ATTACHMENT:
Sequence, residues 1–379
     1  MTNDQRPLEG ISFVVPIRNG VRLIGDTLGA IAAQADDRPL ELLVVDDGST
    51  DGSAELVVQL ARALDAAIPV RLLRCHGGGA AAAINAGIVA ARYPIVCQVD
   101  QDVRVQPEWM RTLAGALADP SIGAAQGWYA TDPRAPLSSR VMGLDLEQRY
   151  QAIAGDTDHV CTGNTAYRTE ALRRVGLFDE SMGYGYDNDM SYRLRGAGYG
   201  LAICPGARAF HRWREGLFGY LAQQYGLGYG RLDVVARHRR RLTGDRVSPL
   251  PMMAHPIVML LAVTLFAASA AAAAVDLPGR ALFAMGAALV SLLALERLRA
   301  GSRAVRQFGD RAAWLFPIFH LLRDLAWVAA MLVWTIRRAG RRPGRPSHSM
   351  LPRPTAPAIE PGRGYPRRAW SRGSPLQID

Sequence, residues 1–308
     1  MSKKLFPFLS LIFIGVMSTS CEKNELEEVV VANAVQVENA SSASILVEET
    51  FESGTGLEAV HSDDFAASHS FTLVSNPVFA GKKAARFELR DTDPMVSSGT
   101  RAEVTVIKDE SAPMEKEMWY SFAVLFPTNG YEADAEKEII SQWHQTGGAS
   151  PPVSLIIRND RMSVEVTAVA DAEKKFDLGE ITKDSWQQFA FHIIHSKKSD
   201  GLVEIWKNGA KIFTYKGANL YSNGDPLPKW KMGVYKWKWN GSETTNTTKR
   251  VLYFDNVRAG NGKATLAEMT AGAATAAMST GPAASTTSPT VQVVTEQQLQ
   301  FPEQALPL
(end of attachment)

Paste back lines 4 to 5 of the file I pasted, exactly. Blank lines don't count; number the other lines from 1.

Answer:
   101  QDVRVQPEWM RTLAGALADP SIGAAQGWYA TDPRAPLSSR VMGLDLEQRY
   151  QAIAGDTDHV CTGNTAYRTE ALRRVGLFDE SMGYGYDNDM SYRLRGAGYG